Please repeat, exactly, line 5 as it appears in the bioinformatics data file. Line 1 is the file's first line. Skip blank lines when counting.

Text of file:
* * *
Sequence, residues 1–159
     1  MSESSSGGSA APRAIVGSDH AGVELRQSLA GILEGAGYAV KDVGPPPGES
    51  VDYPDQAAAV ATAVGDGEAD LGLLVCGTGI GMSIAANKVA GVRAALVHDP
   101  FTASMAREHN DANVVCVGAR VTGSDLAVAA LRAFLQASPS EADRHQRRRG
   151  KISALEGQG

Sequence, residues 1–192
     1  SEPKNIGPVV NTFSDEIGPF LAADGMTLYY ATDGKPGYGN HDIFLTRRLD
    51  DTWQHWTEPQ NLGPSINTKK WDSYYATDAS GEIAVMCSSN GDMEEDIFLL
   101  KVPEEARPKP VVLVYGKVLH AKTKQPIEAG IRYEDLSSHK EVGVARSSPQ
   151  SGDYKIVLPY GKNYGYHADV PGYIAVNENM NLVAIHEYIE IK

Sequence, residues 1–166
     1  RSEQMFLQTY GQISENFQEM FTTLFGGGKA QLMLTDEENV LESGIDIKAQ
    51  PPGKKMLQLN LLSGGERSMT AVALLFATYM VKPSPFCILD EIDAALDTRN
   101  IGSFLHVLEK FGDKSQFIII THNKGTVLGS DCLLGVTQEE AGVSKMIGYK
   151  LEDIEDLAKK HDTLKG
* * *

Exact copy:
   151  KISALEGQG